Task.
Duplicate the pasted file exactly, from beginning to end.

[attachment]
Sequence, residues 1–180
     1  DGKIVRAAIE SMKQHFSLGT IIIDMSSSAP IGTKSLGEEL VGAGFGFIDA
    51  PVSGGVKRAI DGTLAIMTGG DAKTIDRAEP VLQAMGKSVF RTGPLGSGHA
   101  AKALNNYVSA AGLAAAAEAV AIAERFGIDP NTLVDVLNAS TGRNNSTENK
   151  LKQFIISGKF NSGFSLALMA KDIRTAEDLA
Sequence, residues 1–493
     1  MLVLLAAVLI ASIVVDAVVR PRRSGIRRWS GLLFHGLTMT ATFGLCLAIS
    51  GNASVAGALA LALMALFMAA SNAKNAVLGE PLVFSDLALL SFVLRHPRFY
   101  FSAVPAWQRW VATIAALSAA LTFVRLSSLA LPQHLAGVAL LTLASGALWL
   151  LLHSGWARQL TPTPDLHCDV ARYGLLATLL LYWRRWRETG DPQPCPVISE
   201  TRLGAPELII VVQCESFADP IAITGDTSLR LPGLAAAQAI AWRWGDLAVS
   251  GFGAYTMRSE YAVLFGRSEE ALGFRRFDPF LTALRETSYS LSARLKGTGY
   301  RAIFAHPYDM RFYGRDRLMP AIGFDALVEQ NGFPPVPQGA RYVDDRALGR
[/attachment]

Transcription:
Sequence, residues 1–180
     1  DGKIVRAAIE SMKQHFSLGT IIIDMSSSAP IGTKSLGEEL VGAGFGFIDA
    51  PVSGGVKRAI DGTLAIMTGG DAKTIDRAEP VLQAMGKSVF RTGPLGSGHA
   101  AKALNNYVSA AGLAAAAEAV AIAERFGIDP NTLVDVLNAS TGRNNSTENK
   151  LKQFIISGKF NSGFSLALMA KDIRTAEDLA
Sequence, residues 1–493
     1  MLVLLAAVLI ASIVVDAVVR PRRSGIRRWS GLLFHGLTMT ATFGLCLAIS
    51  GNASVAGALA LALMALFMAA SNAKNAVLGE PLVFSDLALL SFVLRHPRFY
   101  FSAVPAWQRW VATIAALSAA LTFVRLSSLA LPQHLAGVAL LTLASGALWL
   151  LLHSGWARQL TPTPDLHCDV ARYGLLATLL LYWRRWRETG DPQPCPVISE
   201  TRLGAPELII VVQCESFADP IAITGDTSLR LPGLAAAQAI AWRWGDLAVS
   251  GFGAYTMRSE YAVLFGRSEE ALGFRRFDPF LTALRETSYS LSARLKGTGY
   301  RAIFAHPYDM RFYGRDRLMP AIGFDALVEQ NGFPPVPQGA RYVDDRALGR